Proposed Rules to Avoid Wireless Phone "Bill Shock"
The recent announcement from Verizon Wireless stating the company would be refunding millions of customers for erroneous data charges has been popular in the news. However, the Federal Communications Commission has been interested in creating consumer protection measures against extra wireless charges for some time.
This past April and May, the FCC conducted a survey which found that nearly 20% of Americans experienced a cell phone bill increasingly suddenly from one month to the next. 23% said their sudden increase was $100 or more. In May, the FCC sought public comments in the Federal Register regarding wireless phone usage alerts and whether companies are already using them.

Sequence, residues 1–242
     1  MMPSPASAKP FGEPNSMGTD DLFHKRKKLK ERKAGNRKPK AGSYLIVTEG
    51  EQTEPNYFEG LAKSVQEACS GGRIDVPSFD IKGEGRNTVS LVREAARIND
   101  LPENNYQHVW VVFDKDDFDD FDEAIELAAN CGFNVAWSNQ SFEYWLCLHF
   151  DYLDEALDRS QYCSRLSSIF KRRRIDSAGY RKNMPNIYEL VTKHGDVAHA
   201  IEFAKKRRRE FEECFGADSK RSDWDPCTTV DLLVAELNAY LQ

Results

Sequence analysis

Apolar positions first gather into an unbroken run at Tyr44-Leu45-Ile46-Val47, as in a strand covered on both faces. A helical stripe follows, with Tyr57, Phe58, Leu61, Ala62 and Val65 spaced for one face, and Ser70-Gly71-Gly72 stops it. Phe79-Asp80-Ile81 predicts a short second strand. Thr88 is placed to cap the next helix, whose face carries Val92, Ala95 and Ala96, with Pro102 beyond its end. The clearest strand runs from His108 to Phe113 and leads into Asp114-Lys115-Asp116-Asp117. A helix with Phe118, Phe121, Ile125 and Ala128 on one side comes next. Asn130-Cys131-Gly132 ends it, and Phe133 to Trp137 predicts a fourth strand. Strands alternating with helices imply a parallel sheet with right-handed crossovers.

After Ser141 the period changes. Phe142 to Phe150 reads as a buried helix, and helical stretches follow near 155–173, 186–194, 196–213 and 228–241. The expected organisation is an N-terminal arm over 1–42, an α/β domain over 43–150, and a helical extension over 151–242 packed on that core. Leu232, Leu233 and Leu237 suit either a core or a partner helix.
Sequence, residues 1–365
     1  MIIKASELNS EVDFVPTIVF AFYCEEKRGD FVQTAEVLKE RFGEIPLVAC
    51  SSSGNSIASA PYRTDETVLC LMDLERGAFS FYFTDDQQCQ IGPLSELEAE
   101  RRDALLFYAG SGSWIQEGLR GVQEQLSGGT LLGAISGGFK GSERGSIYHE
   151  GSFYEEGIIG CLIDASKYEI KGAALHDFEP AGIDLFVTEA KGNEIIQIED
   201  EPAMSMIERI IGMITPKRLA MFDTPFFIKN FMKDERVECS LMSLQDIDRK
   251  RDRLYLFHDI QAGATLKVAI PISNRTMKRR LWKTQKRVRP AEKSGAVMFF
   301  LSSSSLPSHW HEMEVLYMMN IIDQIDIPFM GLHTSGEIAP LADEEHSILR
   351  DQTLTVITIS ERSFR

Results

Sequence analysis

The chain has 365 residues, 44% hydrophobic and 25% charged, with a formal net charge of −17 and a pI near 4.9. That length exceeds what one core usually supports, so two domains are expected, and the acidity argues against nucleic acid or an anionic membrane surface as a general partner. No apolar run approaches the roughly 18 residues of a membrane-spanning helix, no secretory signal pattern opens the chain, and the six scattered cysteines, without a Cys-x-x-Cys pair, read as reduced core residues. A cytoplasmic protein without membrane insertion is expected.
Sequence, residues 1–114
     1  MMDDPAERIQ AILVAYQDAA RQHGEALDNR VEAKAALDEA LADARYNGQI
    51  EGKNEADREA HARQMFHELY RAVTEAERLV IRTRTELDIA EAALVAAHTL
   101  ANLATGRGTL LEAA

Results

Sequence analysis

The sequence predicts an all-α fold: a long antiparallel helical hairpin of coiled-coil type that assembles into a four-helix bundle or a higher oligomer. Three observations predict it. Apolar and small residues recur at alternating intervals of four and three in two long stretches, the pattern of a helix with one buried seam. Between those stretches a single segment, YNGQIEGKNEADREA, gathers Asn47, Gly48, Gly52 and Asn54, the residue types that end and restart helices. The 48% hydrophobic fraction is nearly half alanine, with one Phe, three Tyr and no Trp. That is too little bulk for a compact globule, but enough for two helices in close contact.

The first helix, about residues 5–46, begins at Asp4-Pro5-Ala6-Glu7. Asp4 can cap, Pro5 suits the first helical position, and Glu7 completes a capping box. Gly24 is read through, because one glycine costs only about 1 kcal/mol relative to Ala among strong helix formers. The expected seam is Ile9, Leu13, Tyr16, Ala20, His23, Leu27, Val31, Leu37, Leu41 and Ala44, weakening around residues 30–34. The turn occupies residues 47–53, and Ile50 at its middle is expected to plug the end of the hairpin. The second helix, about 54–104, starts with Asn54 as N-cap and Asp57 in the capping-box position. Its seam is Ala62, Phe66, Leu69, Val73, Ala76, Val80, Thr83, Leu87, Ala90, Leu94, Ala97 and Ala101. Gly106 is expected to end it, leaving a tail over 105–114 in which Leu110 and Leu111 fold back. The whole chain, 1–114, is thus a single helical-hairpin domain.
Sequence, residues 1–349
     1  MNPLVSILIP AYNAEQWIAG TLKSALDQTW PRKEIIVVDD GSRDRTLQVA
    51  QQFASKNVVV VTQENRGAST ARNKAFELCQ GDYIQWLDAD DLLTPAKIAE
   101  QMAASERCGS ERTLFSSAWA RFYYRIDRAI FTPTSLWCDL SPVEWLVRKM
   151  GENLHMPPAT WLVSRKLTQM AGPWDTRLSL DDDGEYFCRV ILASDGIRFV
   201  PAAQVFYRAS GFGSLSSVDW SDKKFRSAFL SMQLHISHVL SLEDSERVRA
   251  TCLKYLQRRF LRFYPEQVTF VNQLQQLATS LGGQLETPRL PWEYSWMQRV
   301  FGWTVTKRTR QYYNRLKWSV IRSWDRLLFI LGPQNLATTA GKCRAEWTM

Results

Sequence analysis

This month the FCC is proposing rules designed to protect consumers from unexpected wireless charges, or "bill shock," which would amend Title 47 of the Code of Federal Regulations. These rules include requiring a wireless company to send a voice or text alert to customers who are about to use more than their minute, text, or data plan allows or if they are about to be charged roaming fees.
For more information and tips on avoiding sudden additional charges to your wireless and data plans, check out the FTC's Tips for Avoiding Bill Shock.